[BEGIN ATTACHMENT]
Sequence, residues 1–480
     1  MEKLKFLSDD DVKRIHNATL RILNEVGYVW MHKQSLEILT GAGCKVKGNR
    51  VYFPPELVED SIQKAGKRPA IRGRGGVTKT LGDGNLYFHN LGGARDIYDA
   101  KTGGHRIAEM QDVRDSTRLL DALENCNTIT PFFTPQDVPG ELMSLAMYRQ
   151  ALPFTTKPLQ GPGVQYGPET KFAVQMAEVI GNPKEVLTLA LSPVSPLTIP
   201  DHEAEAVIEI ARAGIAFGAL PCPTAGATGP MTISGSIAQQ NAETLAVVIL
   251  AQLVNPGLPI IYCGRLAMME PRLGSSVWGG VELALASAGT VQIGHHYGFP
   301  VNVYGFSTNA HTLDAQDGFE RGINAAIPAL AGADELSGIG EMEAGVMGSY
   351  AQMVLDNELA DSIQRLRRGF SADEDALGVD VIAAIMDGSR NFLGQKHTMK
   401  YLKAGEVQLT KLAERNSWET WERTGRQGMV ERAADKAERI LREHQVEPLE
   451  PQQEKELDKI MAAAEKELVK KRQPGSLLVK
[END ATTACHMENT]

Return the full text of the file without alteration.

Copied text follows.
Sequence, residues 1–480
     1  MEKLKFLSDD DVKRIHNATL RILNEVGYVW MHKQSLEILT GAGCKVKGNR
    51  VYFPPELVED SIQKAGKRPA IRGRGGVTKT LGDGNLYFHN LGGARDIYDA
   101  KTGGHRIAEM QDVRDSTRLL DALENCNTIT PFFTPQDVPG ELMSLAMYRQ
   151  ALPFTTKPLQ GPGVQYGPET KFAVQMAEVI GNPKEVLTLA LSPVSPLTIP
   201  DHEAEAVIEI ARAGIAFGAL PCPTAGATGP MTISGSIAQQ NAETLAVVIL
   251  AQLVNPGLPI IYCGRLAMME PRLGSSVWGG VELALASAGT VQIGHHYGFP
   301  VNVYGFSTNA HTLDAQDGFE RGINAAIPAL AGADELSGIG EMEAGVMGSY
   351  AQMVLDNELA DSIQRLRRGF SADEDALGVD VIAAIMDGSR NFLGQKHTMK
   401  YLKAGEVQLT KLAERNSWET WERTGRQGMV ERAADKAERI LREHQVEPLE
   451  PQQEKELDKI MAAAEKELVK KRQPGSLLVK